At NASA, Windows Vista Isn't Ready For Launch

Space agency among the growing list of federal agencies that have put a temporary hold on Windows Vista rollouts.
The National Aeronautics and Space Administration is the latest federal agency to put a hold on PC upgrades to Windows Vista. NASA has decided against deploying Microsoft's five-month-old operating system anytime this year.

The decision puts NASA in company with the Federal Aviation Administration and the U.S. Department of Transportation, both of which in February revealed temporary bans on Vista.

NASA has set January 2008 as a "target" for beginning the transition from Windows XP to Vista, according to a spokesman for the federal agency, which has approximately 60,000 Windows PCs.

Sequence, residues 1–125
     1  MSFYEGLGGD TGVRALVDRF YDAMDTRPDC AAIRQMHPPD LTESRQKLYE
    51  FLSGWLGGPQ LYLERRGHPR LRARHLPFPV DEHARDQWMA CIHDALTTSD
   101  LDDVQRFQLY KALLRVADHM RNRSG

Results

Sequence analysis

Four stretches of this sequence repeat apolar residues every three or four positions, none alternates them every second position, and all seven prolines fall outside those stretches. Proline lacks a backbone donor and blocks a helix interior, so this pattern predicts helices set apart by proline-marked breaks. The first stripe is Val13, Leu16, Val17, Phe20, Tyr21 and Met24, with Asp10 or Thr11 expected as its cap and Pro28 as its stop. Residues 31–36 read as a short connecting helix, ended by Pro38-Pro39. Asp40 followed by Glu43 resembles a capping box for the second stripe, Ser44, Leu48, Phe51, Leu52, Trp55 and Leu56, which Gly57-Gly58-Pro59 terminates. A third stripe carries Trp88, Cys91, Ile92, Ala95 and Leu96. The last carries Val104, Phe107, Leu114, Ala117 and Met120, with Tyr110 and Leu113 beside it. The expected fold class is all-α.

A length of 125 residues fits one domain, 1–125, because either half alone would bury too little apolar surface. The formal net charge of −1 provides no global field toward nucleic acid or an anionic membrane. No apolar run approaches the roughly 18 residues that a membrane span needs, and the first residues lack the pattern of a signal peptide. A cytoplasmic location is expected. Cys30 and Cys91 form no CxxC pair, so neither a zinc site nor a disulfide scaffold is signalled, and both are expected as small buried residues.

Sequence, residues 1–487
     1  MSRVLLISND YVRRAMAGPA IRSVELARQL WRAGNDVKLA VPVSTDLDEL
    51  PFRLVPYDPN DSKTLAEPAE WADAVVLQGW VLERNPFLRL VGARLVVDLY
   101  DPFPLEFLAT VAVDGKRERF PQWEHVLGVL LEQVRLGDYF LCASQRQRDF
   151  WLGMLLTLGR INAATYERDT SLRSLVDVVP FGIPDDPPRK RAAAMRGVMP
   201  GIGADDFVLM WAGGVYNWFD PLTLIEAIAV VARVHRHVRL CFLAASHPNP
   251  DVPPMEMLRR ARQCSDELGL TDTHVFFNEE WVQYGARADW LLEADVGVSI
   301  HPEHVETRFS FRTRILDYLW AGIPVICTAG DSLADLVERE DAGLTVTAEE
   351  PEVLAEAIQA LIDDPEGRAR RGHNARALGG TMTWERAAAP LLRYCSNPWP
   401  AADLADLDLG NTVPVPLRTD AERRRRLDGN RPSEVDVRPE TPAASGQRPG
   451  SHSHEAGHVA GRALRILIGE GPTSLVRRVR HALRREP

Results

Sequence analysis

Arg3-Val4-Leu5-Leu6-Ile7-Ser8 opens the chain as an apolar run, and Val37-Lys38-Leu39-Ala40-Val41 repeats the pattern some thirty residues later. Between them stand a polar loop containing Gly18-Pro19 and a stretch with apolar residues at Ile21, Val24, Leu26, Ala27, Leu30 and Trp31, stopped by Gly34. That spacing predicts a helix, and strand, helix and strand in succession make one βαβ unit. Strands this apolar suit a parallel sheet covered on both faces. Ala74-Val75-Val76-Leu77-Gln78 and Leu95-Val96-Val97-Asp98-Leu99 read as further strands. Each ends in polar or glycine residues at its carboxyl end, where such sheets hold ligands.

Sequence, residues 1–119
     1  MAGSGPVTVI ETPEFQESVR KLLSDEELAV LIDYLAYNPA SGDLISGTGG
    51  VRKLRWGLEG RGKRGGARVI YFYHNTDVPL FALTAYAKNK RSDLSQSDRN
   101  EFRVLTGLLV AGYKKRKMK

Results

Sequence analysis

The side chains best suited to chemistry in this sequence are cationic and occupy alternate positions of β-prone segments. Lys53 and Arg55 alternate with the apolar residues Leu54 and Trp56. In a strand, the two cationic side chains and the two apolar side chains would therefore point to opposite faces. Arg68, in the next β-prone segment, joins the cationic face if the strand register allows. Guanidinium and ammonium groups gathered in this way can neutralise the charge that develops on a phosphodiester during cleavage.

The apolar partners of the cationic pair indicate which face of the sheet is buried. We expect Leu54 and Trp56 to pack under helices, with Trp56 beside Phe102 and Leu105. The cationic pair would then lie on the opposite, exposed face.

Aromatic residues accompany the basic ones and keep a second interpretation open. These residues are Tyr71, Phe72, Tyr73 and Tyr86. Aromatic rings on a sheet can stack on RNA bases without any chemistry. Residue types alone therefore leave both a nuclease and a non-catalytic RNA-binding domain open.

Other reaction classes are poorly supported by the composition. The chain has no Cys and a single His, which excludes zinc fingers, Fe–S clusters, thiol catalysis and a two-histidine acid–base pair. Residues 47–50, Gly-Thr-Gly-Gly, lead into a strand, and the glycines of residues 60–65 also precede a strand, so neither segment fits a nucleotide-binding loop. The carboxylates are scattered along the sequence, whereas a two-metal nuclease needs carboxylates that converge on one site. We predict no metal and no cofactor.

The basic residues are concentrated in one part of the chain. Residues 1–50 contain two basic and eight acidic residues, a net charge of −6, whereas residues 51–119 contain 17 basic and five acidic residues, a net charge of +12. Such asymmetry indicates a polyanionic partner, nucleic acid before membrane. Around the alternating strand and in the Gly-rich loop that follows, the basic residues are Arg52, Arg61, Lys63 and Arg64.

NASA typically waits until a service pack is released for any new operating system to ensure stability, the spokesman says. (Microsoft has not indicated when it will release a service pack for Vista.) The interim also will be used to ensure that NASA's applications are compatible with Vista and that its PCs meet the hardware requirements needed to run the operating system.

In a meeting with IT professionals and user-group representatives last week on Microsoft's campus, CEO Steve Ballmer rejected an assertion by a NASA computer scientist that Vista has been banned by most sectors of the federal government.

"Vista has been anything but banned from most parts of the U.S. federal government," Ballmer said, adding that he anticipated near-term adoption in "a number" of government accounts. He stopped short, however, of naming any government agencies that are in the process of deploying Vista or about to do so.

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